Quantum Physics For Dummies
Book image
Explore Book Buy On Amazon

When you are working with potential barrier of height V0 and width a where E > V0, this means that the particle has enough energy to pass through the potential barrier and end up in the x > a region. This is what the Schrödinger equation looks like in this case:


The solutions for


are the following:


In fact, because there's no leftward traveling wave in the x > a region,


So how do you determine A, B, C, D, and F? You use the continuity conditions, which work out here to be the following:


Okay, from these equations, you get the following:

  • A + B = C + D

  • ik1(A – B) = ik2(C – D)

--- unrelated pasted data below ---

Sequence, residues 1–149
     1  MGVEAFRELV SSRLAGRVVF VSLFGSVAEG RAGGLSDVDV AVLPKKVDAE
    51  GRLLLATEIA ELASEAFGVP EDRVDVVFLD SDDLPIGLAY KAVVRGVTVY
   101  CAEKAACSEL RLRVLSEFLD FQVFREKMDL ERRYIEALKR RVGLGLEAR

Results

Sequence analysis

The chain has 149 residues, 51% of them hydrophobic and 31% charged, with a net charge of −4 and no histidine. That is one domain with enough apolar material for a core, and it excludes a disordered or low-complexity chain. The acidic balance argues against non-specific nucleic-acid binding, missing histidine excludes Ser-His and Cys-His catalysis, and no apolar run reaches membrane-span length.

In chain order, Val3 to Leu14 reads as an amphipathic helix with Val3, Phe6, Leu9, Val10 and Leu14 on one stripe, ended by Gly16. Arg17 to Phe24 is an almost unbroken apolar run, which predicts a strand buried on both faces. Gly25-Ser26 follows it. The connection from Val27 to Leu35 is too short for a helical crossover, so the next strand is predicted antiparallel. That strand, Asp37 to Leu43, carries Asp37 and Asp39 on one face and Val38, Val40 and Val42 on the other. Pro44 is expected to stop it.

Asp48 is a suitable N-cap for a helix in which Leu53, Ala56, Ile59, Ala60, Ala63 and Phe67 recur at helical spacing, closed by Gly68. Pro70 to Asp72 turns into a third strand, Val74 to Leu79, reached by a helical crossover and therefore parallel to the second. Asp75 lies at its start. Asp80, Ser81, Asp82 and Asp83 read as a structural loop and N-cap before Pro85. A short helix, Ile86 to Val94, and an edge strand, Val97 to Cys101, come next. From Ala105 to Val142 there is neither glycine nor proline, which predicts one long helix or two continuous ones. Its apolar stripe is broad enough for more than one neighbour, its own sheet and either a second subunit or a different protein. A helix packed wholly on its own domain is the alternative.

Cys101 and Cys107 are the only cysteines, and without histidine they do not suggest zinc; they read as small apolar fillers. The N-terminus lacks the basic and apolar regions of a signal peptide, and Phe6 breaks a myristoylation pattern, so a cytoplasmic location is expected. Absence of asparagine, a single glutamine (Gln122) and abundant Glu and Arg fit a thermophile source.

• Ceik2a + Deik2a = Feik1a

  • ik2Ceik2aik2Deik2a = ik1Feik1a

So putting all of these equations together, you get this for the coefficient F in terms of A:


Wow. So what's the transmission coefficient, T? Well, T is


And this works out to be


Whew! Note that as k1 goes to k2, T goes to 1, which is what you'd expect.

So how about R, the reflection coefficient? Without going into the algebra, here's what R equals:


You can see what the E > V0 probability density,


looks like for the potential barrier in the figure.


That completes the potential barrier when E > V0.

About This Article

This article is from the book:

About the book author:

Steven Holzner is an award-winning author of technical and science books (like Physics For Dummies and Differential Equations For Dummies). He graduated from MIT and did his PhD in physics at Cornell University, where he was on the teaching faculty for 10 years. He’s also been on the faculty of MIT. Steve also teaches corporate groups around the country.

This article can be found in the category: